Recognize when youíre being played
Itís okay to be (a little) paranoid. Being aware of whatís going on, online and offline, can help keep you from being compromised.
Here are a few simple rules to live by online:
- Donít give your money or personal information to strangers on the Internet.
- If it looks fishy, stay away.
- If someone asks for your confidential information, donít give it to them.
- A healthy dose of skepticism is a good thing.
Social engineering is using deception and manipulation to get you to give up confidential or personal information, usually passwords, banking information or access to your computer. The information may be used to commit fraud or to access your computer and install harmful software.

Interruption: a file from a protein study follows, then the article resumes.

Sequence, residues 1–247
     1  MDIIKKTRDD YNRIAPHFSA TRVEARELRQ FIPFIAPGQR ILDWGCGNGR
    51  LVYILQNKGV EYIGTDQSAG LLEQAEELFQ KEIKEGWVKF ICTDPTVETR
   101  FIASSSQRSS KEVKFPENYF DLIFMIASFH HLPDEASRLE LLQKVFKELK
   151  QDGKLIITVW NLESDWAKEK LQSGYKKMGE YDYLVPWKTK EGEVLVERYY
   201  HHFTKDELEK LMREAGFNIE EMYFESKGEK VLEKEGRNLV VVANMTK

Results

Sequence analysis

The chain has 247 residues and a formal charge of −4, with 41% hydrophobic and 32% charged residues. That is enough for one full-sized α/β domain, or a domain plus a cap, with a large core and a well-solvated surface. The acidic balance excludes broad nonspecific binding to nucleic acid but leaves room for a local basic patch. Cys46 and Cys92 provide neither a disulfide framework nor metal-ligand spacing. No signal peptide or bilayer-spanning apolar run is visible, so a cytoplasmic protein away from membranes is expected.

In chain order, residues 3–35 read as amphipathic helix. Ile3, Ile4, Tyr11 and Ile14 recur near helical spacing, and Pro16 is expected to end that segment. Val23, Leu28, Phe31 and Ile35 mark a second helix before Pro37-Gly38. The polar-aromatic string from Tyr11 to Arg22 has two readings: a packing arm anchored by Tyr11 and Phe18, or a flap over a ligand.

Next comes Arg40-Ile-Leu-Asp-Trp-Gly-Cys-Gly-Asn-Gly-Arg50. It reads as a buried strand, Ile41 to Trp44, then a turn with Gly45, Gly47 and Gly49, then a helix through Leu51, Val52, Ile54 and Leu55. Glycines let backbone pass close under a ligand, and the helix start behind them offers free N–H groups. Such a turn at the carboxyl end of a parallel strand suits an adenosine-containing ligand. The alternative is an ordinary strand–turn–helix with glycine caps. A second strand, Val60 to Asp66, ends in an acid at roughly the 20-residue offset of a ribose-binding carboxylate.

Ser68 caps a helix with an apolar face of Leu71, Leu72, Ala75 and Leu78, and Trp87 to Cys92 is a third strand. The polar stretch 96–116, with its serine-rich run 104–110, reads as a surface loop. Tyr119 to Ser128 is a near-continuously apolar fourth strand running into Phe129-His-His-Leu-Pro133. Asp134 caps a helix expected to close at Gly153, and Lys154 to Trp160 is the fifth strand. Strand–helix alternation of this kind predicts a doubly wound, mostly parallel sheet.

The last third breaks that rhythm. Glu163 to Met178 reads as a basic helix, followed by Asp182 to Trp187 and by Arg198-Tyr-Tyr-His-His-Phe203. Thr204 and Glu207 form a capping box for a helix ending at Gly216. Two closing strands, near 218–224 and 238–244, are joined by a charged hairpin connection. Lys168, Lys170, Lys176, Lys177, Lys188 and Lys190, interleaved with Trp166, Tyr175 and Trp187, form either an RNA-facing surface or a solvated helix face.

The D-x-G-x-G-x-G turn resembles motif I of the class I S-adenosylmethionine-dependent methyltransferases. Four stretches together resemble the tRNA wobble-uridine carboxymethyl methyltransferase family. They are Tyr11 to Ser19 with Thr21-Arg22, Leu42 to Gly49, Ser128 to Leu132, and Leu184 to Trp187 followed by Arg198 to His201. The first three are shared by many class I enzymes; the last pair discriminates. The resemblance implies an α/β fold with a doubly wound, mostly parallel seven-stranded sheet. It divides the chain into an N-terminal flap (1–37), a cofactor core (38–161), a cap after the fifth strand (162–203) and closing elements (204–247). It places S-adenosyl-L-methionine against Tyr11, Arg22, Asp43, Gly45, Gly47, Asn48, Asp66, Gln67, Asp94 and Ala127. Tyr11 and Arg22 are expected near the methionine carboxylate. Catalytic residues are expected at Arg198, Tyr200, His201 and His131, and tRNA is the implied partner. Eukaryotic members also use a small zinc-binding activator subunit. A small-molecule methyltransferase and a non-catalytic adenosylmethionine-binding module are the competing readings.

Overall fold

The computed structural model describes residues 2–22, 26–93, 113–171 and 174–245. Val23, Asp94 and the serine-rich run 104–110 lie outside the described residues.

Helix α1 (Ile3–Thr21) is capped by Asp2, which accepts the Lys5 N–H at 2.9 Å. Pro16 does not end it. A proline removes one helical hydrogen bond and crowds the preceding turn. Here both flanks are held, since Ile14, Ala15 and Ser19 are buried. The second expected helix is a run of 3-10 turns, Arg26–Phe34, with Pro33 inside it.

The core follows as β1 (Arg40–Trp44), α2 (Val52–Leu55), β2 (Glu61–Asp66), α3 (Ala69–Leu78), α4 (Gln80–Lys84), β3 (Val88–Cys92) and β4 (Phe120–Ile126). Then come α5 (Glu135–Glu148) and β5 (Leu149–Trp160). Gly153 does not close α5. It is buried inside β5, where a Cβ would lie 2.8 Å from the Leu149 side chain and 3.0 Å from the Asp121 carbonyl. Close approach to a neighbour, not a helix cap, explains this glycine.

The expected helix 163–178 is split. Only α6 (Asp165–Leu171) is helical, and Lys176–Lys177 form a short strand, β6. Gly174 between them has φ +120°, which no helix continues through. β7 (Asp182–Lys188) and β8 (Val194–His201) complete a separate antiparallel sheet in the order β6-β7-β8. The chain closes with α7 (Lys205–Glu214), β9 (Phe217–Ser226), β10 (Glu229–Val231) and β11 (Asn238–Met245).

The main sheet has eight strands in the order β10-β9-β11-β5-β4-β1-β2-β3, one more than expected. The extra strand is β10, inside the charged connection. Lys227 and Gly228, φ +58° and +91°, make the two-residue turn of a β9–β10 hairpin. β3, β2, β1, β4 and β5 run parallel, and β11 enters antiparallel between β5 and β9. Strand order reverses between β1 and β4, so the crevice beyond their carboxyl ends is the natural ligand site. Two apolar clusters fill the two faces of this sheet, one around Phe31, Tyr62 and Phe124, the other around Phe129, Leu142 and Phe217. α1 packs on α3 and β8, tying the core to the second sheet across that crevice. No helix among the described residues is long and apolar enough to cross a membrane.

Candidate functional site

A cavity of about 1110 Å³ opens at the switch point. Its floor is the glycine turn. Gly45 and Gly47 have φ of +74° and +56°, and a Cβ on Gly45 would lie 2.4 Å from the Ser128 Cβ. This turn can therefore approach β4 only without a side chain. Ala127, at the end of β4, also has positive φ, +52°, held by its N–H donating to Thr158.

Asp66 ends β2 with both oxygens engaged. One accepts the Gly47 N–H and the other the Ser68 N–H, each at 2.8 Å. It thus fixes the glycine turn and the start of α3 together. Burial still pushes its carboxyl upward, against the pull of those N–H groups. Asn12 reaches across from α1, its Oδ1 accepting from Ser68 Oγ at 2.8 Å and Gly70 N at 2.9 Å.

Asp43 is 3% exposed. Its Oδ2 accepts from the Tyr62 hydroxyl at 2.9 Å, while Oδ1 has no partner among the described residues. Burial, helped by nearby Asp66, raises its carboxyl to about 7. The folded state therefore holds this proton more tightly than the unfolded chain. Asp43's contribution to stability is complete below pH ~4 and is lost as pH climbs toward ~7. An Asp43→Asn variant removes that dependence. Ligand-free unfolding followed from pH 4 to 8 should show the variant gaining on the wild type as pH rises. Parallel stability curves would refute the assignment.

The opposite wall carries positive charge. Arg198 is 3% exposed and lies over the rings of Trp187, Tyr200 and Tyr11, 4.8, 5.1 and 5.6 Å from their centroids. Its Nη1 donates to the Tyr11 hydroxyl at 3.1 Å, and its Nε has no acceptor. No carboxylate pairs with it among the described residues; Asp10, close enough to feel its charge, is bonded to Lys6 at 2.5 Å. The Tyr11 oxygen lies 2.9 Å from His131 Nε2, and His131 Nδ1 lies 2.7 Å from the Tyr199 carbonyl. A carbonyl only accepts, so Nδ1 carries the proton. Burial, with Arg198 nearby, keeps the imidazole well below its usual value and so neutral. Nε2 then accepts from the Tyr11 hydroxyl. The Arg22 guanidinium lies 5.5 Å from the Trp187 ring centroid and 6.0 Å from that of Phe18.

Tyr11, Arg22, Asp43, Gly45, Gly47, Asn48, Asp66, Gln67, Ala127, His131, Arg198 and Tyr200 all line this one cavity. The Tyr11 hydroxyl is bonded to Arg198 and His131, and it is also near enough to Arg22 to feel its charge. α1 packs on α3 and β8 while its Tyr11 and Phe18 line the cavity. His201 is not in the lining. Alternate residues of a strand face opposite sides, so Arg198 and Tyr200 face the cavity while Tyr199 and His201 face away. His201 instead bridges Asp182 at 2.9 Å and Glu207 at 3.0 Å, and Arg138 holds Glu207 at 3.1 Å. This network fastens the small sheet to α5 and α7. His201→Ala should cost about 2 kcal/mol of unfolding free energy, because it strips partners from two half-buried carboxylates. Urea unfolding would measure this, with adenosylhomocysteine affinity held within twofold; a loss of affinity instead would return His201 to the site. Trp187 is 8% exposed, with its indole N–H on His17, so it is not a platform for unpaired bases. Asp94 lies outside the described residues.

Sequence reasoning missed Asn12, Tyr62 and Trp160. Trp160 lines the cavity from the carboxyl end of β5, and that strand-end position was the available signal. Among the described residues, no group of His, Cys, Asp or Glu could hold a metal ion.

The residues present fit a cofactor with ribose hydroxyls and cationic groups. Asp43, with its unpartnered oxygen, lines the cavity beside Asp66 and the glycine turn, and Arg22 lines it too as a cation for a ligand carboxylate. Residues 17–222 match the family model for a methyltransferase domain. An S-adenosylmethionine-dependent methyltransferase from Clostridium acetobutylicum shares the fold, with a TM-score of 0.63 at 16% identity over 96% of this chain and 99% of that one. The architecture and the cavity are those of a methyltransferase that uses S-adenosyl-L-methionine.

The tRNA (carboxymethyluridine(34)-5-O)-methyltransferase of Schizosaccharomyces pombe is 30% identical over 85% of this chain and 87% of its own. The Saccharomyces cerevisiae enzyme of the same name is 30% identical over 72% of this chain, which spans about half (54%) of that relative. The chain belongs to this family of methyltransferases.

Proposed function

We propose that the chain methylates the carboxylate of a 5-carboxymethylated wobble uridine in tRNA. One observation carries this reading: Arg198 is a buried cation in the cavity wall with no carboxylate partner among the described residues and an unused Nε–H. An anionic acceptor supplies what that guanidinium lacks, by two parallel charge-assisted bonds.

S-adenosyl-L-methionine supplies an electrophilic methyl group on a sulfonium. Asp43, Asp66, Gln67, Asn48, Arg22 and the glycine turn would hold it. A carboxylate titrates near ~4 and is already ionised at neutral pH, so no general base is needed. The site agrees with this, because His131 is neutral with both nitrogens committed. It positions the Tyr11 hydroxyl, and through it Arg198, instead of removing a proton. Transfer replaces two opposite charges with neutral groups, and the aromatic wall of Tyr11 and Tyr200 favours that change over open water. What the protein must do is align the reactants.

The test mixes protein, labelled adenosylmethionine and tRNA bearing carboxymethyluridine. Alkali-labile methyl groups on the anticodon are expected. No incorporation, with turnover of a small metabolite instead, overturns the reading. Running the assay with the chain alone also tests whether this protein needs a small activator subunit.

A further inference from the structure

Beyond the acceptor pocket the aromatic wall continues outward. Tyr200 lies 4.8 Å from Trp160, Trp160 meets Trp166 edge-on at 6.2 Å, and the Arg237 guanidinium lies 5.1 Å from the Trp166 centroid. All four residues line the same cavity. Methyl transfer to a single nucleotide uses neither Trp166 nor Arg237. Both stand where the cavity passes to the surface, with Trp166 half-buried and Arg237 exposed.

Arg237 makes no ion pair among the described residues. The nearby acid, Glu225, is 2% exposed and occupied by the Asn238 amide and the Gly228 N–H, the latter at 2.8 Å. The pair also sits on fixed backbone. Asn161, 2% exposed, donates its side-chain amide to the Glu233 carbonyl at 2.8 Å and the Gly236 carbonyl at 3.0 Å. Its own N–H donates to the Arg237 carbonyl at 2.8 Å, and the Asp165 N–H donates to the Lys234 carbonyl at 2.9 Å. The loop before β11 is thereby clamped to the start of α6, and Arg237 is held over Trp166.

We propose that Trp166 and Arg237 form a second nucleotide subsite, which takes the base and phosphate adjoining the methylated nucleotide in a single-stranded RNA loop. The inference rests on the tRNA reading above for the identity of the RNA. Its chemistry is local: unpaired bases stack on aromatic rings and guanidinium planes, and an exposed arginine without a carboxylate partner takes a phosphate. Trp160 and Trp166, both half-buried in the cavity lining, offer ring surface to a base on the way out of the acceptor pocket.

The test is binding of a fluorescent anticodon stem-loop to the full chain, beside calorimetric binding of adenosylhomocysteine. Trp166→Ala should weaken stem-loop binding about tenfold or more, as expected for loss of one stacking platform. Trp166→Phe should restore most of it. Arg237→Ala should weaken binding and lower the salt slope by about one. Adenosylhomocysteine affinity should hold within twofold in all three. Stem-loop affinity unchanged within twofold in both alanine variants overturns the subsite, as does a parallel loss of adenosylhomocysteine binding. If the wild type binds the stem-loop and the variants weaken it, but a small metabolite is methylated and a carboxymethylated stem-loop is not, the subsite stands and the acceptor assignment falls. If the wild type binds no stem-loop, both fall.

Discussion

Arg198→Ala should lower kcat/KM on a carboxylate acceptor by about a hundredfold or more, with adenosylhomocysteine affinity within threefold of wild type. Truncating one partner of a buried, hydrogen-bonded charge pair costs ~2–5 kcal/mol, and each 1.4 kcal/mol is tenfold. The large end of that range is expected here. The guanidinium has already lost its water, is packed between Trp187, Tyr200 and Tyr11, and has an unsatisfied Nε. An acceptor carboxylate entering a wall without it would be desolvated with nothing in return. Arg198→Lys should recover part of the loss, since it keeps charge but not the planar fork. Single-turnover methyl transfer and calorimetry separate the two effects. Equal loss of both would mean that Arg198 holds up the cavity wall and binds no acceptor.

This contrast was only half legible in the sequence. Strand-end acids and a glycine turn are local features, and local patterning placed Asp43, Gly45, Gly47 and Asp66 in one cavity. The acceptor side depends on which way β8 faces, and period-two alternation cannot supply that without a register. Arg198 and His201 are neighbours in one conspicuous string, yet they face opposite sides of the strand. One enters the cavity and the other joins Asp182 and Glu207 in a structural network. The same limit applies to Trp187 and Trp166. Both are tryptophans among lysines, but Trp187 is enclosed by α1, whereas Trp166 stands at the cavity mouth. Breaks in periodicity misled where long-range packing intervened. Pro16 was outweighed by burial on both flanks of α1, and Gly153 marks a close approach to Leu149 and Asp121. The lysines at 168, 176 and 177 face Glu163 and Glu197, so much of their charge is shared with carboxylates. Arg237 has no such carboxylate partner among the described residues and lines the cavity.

How it can happen:
An email from a friend with an attachment that you just have to check out! Because it comes from a friend, youíre less likely to be skeptical and more likely to download the attachment that may have malicious software included!
An email from your bank saying there is an urgent problem with your account, with a link to log in.
A contractor your company works with asks for private company information that grants access into your system.
Protect yourself, and your company, by slowing down. Think first, and then act. Scammers try to get you worked up so youíll act before having time to think about what youíre doing. Delete any emails that ask for personal or financial information, logins or passwords, and donít download attachments youíre not expecting.
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